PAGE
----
Wrap your body in aluminum foil, spray on a pint of your most noxious cologne and go as a limburger cheese; pose as Anne Boleyn (minus her head, of course); dress up like the Chrysler Building or a Pez dispenser.

Halloween is one of the few days of the year where even the most stuffy lawyers, bankers and grandmothers let their fantasies go crazy, and often adults can let their fantasies fly more than junior trick-or-treaters.

There are always lots of gatherings around Oct. 31 requesting that guests come in costume. Unfortunately, however, there are plenty of Halloween Scrooges -- those people who year after year think it's just wonderful to be invited to a masquerade party and plan to dig up some sort of a gypsy or ghost outfit to wear. But when it comes time for the event, they panic and come as themselves.

This is not in the true spirit of Halloween and may a witch put a pox on their house.

Many children start planning "what I will be for Halloween" as soon as they go back to school in September.

Artistic Dance Fashions (4915 cordell ave., Bethesda) and Stein's Theatrical and Dance Supply (1180 n. Highland St., Arlington) -- which both convert into Halloween emporiums this time of year -- report that Muppets characters Miss Piggy (for whom they sell such accessories as as masks, falls and boas) and Kermit are edging out hands down last year's Star War's favorites.

Masquerade events are by no means limited to Halloween; they're apt to pop up quite often in places like Paris and New York all through the year, especially, of course, around New Year's Eve and Mardi Gras. Last year's Beaux Arts masquerade ball at the Corcoran, benefiting its School of Art, drew over 1,000 guests in wild array, so they're having another one Nov. 30. Students and others already are at work on costumes like a film cassette, a six-pack of beer, and a fire extinguisher paired with a flaming trash can. So if your costume is a big hit on Halloween, you may want to make a play for the ball's grand prize.

Although All Hallows Eve is only two weeks away, there's still plenty of time to track down some unusual Halloween garb.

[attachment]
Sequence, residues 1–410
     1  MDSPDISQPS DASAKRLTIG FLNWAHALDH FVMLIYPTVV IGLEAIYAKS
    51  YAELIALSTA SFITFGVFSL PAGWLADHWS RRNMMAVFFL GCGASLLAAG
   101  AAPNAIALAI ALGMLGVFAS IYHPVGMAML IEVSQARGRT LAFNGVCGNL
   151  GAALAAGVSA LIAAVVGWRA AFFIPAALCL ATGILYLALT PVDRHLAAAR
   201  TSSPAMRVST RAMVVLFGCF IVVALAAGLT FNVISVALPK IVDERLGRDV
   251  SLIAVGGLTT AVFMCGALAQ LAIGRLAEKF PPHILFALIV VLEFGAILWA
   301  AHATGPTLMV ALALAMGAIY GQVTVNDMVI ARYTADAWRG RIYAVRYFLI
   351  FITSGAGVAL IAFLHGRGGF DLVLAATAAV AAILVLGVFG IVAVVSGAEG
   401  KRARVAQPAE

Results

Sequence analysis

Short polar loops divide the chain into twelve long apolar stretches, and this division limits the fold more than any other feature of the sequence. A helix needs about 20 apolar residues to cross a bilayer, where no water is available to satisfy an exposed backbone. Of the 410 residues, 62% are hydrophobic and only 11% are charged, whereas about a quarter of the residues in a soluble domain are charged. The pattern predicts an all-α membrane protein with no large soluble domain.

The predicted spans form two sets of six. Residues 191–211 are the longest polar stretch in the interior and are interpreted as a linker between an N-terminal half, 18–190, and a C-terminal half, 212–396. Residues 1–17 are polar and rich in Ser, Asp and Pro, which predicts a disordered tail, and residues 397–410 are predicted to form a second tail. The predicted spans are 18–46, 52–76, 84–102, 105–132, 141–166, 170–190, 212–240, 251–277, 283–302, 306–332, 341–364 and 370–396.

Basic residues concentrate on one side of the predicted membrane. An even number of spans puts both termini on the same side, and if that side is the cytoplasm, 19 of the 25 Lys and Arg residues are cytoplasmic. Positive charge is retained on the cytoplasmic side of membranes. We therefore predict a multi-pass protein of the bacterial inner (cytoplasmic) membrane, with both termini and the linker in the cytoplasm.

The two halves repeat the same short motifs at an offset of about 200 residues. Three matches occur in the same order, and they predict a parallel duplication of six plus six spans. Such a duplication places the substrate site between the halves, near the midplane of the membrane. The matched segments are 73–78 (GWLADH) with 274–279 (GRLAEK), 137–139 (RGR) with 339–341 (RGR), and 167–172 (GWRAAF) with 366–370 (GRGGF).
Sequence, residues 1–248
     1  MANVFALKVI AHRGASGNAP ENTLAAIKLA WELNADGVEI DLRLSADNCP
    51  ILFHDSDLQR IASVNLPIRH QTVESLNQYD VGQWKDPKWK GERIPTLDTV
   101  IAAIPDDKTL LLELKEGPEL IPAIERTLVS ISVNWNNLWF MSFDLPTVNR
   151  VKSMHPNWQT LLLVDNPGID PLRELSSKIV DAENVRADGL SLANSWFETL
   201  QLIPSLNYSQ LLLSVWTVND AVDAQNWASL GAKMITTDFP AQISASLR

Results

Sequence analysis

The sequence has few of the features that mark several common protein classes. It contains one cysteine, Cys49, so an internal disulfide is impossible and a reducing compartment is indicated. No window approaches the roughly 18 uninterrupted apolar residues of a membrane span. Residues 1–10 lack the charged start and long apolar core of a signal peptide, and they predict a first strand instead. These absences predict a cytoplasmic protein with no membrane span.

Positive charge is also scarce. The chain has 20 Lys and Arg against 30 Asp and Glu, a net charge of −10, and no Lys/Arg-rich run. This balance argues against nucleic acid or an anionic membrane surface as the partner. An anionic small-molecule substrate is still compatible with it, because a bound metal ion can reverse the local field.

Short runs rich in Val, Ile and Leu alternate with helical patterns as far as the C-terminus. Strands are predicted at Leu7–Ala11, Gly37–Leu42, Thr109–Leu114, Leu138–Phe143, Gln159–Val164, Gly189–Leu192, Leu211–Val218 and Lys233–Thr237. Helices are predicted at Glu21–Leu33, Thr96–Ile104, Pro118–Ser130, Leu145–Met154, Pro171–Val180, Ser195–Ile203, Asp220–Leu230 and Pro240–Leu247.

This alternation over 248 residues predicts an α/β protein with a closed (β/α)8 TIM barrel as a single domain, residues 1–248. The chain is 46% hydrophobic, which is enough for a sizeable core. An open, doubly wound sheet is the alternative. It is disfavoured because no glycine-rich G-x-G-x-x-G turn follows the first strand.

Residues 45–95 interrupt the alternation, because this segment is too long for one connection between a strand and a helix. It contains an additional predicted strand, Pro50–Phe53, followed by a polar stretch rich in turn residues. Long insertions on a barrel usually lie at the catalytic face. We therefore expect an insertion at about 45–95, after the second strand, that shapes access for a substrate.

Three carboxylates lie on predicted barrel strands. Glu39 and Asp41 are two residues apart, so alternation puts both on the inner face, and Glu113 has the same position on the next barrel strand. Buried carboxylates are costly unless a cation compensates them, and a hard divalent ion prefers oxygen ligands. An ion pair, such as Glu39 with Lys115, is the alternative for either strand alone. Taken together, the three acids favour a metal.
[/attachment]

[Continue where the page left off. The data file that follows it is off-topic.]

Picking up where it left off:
The attic or basement may be a good place to start, but there's often not enough for a complete outfit. Thrift stores or vintage-clothing stores can be a gold mine for authentic and one-of-a-kind costume ideas. And you can't beat the prices. (plus when you're done, you can re-donate the items.)

Goodwill Industries (which has seven stores in the metropolitan area) is well supplied for Halloween, according to public relations director Molly Haines.

"For starters, we have tables of linens and beddings for anything that needs sheets like ghosts, witches or what-have-you. We have racks of sequinned and brocade gowns for princesses and angels, tons of hugh glittery baubles and costume jewelry, a big supply of wigs -- short curly ones like the Marx brothers or long Charlie's Angels numbers -- and '50's looks like bobby sox, flared skirts and scarves."

Geraldine's (4105 Wisconsin Ave Nw., No. 106) used-clothing store every year converts into a Halloween costume center. Owner Geraldine Ricketts reports that this year there will be lots of Scarlet O'Hara's (above) and Groucho Marx's running around, if her costume requests are any indication.

People can come in and buy or rent the costumes that I put together from used clothes or make up their own," she says. Her other suggestions include strapless prom dresses, punk-black jackets with chains and pinstripe gangster suits. Prices range from about $10- $45 for either buying or renting an outfit (and again, anything you buy is re-consignable to her, so long as it comes back in good condition).

If you choose to go to a traditional costume store (of which there aree plenty in the Yellow Pages) you don't have to come out as a predictable clown or gorilla.

At Fantasy Costumes (610 Franklin St., Alexandria). owner Joy Nelson has a stock of 5,000 costumes and has in the past created a centipede, using garden hoses and pants hangers, an Anne Boleyn-minus-her-head and Muppets with pink tutus. Average rentals there are $5/ $225, with the average between $35 and $45.

Dream Wizards (congressional South Shopping Center, 84 Halpine Court, Rockville) may sound like a store for bedding, but it has a fascinating collection of fantasy and magic. It's a place for the serious masquerader, with such things as a make-up division for special effects like scars or warts, and "cobweb guns" to spurt liquid-latex "webs" all over your costume or house. "If someone wants to be a wizard or magician (left), we can turn them on to magic tricks like how to shoot flames from their fingertips," says co-owner Mark c tricks like how to shoot flames from their fingertips," says co-owner Mark Chorvinsky.

Or if you're looking for a simple get-up, wear your regular street clothing with a big mask. Al's Magic Shop (1115 H st. Nw) already has had to to re-order the Conehead mask (below, $42.50), and they report that the perennial Carter and Nixon masks are selling like Snickers bars (the Arafat mask is also doing well).

But because they bombed last Halloween, Al's has dropped at least three political masks: Lyndon Johnson, Pierre Trudeau, and Teddy Kennedy.